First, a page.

This is the story of the Gulf Cooperation Council

This news has been read 1667 times!

Ahmad Al-Jarallah

AS I was watching the proceedings of the Gulf Cooperation Council Summit in Doha the day before yesterday, my memory took me back to the year 1980 when the Arab Summit was held in Amman, Jordan.

On that day, the late Sheikh Jaber Al-Ahmad saw that the situation was unsettling, and sent a piece of paper to the then Saudi Crown Prince the late Fahad bin Abdulaziz, stating that the Gulf states must have a council or an assembly to protect their national security.

The Saudi Crown Prince quickly responded by accepting this idea, and held a meeting in the evening to ponder over it. About a year later, the Gulf Cooperation Council (GCC) emerged at the Gulf Summit in Abu Dhabi.

For 42 years, the GCC has gone through many tests, but it has proven that it is a political, economic, and military force that can withstand storms.

It is true that each country has its own point of view on some agreements, but most of them have been implemented or are on their way to implementation. Nevertheless, the experience is intensifying daily, and these six countries stand united in the face of adversity.

Therefore, the “Peninsula Shield” represented a GCC safeguard. It proved its strength, during the time of the Iraqi invasion of Kuwait, the events in Bahrain, and the Houthi aggression against the Gulf States.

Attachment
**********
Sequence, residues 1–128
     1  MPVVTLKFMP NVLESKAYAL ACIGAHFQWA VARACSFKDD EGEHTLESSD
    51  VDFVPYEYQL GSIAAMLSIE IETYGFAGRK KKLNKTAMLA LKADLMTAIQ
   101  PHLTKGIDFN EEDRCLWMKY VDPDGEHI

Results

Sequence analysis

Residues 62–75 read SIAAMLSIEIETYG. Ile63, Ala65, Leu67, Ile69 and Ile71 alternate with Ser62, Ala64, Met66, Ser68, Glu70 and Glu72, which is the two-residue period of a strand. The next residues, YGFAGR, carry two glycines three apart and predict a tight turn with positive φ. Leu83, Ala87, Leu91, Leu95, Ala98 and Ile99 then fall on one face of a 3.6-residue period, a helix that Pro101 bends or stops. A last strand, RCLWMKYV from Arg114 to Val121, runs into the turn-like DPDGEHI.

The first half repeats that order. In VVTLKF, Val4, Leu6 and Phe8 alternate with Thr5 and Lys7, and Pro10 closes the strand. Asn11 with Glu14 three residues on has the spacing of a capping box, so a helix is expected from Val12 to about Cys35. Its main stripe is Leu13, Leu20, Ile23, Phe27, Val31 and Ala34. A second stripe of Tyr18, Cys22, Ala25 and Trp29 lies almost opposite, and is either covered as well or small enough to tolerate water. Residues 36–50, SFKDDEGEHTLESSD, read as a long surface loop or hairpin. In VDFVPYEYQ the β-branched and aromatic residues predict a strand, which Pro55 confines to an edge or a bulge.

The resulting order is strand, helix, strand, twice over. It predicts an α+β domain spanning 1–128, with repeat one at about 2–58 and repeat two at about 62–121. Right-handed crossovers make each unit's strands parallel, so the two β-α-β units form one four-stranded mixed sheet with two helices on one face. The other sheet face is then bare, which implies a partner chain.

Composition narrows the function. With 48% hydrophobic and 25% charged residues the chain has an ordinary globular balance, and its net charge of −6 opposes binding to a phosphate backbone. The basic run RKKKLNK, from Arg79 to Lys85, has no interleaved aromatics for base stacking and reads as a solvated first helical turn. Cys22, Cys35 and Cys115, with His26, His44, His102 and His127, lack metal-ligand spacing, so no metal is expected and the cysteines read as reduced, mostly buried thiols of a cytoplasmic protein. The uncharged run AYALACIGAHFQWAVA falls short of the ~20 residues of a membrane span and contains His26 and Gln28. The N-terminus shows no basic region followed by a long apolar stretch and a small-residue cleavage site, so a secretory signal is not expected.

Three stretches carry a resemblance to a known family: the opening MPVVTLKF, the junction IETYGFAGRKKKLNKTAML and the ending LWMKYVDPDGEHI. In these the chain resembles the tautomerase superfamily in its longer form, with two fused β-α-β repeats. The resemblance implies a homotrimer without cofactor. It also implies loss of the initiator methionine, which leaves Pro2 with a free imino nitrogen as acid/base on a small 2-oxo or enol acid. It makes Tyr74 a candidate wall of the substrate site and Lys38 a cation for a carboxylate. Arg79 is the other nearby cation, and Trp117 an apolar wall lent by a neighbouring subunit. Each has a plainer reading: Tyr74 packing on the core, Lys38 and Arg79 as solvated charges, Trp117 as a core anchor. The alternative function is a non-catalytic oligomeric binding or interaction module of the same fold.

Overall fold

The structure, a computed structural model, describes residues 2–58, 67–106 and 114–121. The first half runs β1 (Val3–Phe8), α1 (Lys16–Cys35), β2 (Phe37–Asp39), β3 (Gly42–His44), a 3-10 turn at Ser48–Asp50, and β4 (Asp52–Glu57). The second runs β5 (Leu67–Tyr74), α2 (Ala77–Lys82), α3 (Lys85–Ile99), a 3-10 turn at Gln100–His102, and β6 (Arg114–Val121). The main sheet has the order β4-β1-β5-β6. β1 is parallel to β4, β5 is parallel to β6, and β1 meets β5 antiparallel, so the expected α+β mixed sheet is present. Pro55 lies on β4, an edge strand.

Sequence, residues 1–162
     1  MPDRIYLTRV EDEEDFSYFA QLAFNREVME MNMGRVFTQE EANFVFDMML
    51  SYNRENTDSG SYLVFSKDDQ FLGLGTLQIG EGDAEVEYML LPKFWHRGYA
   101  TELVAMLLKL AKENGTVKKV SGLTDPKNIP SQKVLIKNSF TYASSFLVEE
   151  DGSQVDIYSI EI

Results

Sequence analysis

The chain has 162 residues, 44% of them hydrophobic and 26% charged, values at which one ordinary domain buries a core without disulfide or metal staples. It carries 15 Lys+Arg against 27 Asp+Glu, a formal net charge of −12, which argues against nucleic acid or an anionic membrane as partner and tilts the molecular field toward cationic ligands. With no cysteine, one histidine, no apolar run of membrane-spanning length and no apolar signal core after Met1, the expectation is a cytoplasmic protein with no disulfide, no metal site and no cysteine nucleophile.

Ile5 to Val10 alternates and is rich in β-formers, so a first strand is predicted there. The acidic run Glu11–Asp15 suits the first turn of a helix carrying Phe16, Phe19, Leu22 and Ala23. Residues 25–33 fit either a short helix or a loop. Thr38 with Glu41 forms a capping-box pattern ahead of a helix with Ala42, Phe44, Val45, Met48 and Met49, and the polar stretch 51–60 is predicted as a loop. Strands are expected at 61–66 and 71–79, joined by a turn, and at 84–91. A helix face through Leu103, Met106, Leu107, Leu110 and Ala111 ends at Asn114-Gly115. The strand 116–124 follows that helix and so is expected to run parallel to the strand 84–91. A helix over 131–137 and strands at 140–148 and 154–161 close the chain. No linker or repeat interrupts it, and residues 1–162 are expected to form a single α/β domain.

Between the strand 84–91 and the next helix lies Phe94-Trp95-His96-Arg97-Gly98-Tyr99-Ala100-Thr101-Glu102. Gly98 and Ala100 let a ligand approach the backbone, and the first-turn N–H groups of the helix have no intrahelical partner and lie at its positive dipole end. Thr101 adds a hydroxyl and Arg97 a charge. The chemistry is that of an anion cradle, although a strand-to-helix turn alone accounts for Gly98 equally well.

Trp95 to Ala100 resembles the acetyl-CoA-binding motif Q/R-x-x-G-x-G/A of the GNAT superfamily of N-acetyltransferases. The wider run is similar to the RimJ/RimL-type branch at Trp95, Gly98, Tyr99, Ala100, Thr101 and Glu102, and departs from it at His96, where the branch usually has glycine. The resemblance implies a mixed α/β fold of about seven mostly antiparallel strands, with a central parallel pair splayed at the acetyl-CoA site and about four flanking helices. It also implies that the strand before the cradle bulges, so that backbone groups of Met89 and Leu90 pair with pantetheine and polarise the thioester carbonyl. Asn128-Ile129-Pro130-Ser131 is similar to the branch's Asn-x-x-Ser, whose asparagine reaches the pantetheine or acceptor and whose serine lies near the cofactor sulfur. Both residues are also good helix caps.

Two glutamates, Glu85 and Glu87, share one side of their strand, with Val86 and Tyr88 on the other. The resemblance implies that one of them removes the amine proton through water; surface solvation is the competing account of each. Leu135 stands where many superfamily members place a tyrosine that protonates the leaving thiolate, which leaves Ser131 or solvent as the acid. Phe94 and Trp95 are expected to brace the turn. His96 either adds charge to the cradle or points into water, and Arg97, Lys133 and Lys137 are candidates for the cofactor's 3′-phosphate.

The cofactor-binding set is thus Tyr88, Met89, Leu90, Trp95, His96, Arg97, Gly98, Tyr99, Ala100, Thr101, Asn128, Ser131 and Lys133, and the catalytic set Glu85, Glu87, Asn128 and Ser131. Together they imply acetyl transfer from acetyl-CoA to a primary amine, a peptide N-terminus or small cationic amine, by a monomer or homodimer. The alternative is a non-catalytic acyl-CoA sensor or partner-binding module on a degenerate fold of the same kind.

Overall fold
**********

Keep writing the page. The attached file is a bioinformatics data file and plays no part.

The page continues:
The opening of markets and movement for citizens of the six countries has enhanced trade exchange between them. The monetary union and the central bank are still waiting for agreement on some formalities, but the electricity connection and the Gulf railway plan are proceeding according to what was agreed upon.

The GCC nationals have proven that they are no less capable than the Europeans and Americans in seeking the unity stipulated in the charter approved in 1981.

On the other hand, there have been attempts over the past years to undermine the GCC through either the neighboring countries that have their own agenda, or the world that built its vision on thwarting all forms of Arab attempts for solidarity and unity.

To this day, 42 years later, and with the 44th summit held in the Qatari capital, there is a popular determination to complete the process.

All the storms that passed through the GCC did not destroy its leaders or its people, but rather increased their unity. A testimony of this aspect is the bitter experience in 1990, and how the Kuwaitis felt that hearts were opened to them before homes in all the GCC countries because the Gulf spirit is essentially one, irrespective of how many personalities there are.

In the year 2004, the late King Abdullah bin Abdulaziz proposed the implementation of what was stipulated in the charter regarding the Gulf federation. This undoubtedly requires the completion of some procedures that were delayed, especially since the events that the region witnessed in the past two decades and the current regional situation have begun imposing greater unity of ranks.

That is why we say – It is better late than never. The changes that the world is witnessing are forcing the GCC people to be united.

The poet Al-Muhallab bin Abi Sufra was right when he said, “All of you my sons, when it comes to problems, do not separate. Spears refuse to break when held together, but when separated, they break.”

Do GCC officials realize the importance of their unity?

By Ahmed Al-Jarallah

Editor-in-Chief, the Arab Times

This news has been read 1667 times!

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